by Mike Andrew -
SGN Staff Writer
Testing Together, a new HIV prevention program for Gay couples, was rolled out on October 17.
Emory University's Rollins School of Public Health, which developed the program, transferred management to the CDC (Centers for Disease Control and Prevention), which will launch it in several major U.S. cities, including Seattle.
Based on a similar program in Africa, Testing Together enables male couples to learn their HIV status together and develop a customized HIV prevention and care strategy, at no charge in most locations.
In Seattle, couples' testing will be available at Gay City Health Project.
WHY IT'S NEEDED
'Most HIV prevention programs focus on individuals or groups of Gay men when, in fact, most new HIV infections come from main partners in a relationship. Our Testing Together program is the first HIV testing service geared specifically toward meeting the needs of male couples,' said Dr. Patrick Sullivan, a professor at Emory University's Rollins School of Public Health.
'We're happy that our collaboration with CDC is bringing this program to more HIV organizations in major cities throughout the nation. Bringing this service to scale for male couples was made possible by the generous support of the M-A-C AIDS Fund,' Sullivan continued.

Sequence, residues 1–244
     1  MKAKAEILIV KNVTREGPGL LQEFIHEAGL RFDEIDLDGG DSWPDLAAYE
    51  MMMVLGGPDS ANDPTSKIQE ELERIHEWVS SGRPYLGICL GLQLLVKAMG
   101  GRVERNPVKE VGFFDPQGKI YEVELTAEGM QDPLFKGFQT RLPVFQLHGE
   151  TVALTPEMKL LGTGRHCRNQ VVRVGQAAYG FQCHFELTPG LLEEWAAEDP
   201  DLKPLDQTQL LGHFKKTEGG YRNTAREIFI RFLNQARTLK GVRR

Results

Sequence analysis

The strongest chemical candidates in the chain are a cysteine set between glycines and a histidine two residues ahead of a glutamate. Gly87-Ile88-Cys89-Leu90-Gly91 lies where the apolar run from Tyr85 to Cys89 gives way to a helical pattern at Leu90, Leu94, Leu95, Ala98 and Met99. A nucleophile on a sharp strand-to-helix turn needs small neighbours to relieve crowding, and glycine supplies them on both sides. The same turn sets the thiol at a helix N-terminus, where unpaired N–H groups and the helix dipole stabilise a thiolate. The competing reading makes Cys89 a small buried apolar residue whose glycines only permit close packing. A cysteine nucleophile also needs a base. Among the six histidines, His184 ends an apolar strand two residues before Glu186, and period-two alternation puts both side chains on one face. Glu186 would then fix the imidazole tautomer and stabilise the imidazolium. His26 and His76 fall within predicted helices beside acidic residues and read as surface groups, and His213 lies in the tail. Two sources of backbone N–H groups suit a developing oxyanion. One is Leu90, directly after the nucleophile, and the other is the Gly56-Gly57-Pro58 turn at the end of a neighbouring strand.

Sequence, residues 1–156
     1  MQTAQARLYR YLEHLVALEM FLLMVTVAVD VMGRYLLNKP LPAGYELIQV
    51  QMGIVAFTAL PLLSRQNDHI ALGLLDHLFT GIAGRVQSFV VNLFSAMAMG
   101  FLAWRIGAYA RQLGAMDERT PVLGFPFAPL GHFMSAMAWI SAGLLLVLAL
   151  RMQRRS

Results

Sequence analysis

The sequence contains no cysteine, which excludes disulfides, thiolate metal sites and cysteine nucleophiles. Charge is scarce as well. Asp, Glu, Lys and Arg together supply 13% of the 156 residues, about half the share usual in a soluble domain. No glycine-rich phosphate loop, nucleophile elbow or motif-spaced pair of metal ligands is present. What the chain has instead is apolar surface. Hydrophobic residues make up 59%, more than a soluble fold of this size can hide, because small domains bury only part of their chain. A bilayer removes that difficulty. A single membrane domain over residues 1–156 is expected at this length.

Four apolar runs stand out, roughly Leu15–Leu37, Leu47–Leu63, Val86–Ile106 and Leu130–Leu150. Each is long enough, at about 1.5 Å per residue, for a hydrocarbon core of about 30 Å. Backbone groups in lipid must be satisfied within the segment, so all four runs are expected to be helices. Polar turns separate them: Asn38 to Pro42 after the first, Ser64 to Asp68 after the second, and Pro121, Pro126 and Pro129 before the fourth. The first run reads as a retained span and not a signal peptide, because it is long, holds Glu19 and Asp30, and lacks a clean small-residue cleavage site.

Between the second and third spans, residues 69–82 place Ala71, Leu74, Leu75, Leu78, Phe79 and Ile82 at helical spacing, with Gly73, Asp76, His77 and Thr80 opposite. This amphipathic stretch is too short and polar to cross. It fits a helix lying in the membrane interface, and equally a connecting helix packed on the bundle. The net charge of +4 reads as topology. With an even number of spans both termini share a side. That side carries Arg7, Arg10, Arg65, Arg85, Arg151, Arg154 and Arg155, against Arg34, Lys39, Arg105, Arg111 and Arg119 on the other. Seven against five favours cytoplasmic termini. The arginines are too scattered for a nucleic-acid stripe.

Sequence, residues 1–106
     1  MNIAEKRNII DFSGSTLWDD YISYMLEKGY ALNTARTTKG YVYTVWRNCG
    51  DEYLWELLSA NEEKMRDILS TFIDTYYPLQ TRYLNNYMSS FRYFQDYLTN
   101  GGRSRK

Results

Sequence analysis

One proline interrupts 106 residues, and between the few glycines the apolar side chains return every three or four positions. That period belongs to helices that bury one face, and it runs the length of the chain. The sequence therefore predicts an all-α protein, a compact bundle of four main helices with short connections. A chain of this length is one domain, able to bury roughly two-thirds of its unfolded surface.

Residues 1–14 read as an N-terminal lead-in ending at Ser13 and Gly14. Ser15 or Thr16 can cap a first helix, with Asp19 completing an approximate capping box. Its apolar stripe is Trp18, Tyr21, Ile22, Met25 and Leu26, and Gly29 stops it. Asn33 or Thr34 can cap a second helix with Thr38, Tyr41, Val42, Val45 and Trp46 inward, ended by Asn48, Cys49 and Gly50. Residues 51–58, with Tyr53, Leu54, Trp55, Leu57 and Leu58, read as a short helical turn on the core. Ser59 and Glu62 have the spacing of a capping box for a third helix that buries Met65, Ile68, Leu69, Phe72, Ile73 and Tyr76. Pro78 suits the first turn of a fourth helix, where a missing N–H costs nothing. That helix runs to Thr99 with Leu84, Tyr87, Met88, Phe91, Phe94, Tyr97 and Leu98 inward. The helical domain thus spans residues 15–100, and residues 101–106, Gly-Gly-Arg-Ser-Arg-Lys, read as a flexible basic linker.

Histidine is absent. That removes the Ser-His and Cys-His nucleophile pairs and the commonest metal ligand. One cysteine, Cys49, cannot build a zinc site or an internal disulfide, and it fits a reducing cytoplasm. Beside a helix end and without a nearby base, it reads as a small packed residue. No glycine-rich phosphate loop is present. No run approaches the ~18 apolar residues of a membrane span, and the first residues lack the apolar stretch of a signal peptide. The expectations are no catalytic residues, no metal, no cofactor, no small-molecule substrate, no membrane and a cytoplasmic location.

In 2009, Sullivan and his colleagues at CDC conducted research that found between one-third and two-thirds of new HIV infections came from the primary partners in Gay couples.
A follow-up study, supported by the National Institutes of Health (NIH) and conducted by Emory University, found that a significant number of men in longer-term relationships were unaware of their partner's HIV status. In fact, many partnered Gay men believed that they were less at risk for HIV and were therefore less likely to have gotten tested recently.
NIH-supported research also showed that providing HIV testing for male couples was promising, but would require training for HIV counselors and testers.
To date, more than 300 HIV counselors have been trained at 73 testing sites in 21 cities, and more than 450 Gay couples have learned their HIV status together. More than 8% of the men tested through this program were HIV-positive. At least 10% were previously undiagnosed cases in relationships where one partner is HIV-positive and the other is not.
Funding for pilot Testing Together programs in five major cities - Atlanta, Boston, Chicago, San Diego, and Seattle - came from the M-A-C AIDS Fund.
'Even with the game-changing strides made in AIDS treatment as a means of preventing HIV, we cannot end the epidemic without equally powerful breakthroughs in HIV behavioral prevention for people heavily affected by HIV, like Gay and Bisexual men,' said Nancy Mahon, global executive director of the M-A-C AIDS Fund.
'For this reason, the M-A-C AIDS Fund will continue to invest in innovative and effective initiatives like Emory's Testing Together program, and we are so gratified that the CDC will be bringing this program to scale to reach more people nationwide.'
The M-A-C AIDS Fund, associated with M-A-C Cosmetics, was established in 1994 to support people affected by HIV/AIDS.
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